Many move from one community to another so often that they seldom complete a school year, and usually when they go to a new school, they are set back a grade or two. When they feel totally lost in the system, they drop out. Others have never gone to school in their lives.
Some have physical or emotional illnesses so severe that their learning capabilities are stunted. Some never catch up enough to learn to read with proficiency.
There are resources for those people in Topeka, such as the Topeka Literacy Council, an English reading course at International House on the Washburn University campus, a reading course for adults at Topeka High School, and private tutors.
Lowery says it’s difficult to get a job—almost any job—unless you can read. He also feels it’s important to set an example for his children and grandchildren, so they will get an education and not drop out of school.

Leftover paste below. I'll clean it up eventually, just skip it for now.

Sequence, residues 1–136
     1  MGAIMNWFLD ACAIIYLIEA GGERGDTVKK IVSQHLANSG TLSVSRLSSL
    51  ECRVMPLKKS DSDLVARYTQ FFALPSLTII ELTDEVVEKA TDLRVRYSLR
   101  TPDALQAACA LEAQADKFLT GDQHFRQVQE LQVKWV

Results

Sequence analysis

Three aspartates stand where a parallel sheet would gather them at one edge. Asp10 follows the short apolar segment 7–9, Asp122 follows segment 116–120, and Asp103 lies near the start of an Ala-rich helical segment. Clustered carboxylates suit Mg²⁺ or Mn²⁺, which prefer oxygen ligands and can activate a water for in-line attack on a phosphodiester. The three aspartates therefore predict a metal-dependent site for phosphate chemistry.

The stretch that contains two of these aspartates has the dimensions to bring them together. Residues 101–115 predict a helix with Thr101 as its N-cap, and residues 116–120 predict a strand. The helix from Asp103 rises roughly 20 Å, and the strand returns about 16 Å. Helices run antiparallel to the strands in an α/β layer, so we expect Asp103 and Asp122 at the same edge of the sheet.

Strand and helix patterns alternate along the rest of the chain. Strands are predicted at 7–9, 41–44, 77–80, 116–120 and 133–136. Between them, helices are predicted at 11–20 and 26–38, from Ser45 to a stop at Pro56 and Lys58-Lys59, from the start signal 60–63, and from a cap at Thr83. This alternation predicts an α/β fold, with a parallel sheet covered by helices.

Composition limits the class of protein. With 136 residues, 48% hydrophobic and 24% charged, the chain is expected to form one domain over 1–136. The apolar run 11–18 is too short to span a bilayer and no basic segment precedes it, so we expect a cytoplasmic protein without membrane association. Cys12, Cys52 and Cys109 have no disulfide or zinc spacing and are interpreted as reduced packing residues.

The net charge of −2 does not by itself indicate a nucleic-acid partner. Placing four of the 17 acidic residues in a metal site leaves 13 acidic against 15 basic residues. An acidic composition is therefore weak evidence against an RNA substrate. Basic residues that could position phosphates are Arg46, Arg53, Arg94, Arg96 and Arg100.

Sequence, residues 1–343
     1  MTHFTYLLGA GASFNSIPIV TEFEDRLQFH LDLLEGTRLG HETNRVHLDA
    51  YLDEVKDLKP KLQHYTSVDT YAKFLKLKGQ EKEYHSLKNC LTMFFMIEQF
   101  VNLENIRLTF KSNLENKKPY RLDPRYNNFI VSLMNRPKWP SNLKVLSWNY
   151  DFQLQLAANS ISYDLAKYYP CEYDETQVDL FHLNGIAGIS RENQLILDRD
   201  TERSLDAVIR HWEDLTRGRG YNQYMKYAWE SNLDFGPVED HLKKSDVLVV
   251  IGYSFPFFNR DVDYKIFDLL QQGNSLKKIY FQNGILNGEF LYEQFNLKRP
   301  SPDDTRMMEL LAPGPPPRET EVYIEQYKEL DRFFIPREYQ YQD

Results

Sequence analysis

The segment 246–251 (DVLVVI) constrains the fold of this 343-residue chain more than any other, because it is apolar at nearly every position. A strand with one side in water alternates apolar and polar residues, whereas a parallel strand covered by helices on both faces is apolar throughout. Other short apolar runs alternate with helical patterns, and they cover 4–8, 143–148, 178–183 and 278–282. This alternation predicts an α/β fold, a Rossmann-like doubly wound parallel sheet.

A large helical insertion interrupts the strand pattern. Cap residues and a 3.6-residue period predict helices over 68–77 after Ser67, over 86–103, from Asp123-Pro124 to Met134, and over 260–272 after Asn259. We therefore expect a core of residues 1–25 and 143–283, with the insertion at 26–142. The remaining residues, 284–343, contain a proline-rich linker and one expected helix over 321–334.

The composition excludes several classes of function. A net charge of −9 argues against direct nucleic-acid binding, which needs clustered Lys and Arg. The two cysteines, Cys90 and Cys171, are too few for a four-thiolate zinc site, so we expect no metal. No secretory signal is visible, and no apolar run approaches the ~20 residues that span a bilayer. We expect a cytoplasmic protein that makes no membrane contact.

So when he became unemployed and went to Social and Rehabilitation Services for help, personnel discussed with him the possibility of his being tutored to read in a fairly new program for their clients.
Lowery wanted it. He began the program in August, tutored in a one-to-one classroom. He has worked hard, with determination.
“I want to be able to see things and know what they are without asking somebody,” he said quietly. “I don’t seem to be able to fill out papers. Not yet. I’m afraid of making a mistake. Mistakes hurt you. I want to be able to fill out checks one of these days myself.”
Lowery says he’s always been able to get jobs of some sort. He’s working part time now. But the better jobs require reading skills.
He is proud that his grandparents reared him to do things and work hard.
“I think the Lord for that,” he said.
He likes to cook and clean house.
“I can’t live with dirt,” he said, referring to his immaculate room.
He says he can add like an adding machine, but has never put any of his math down on paper.
“I get the right answers, but I don’t know how I do it,” he said.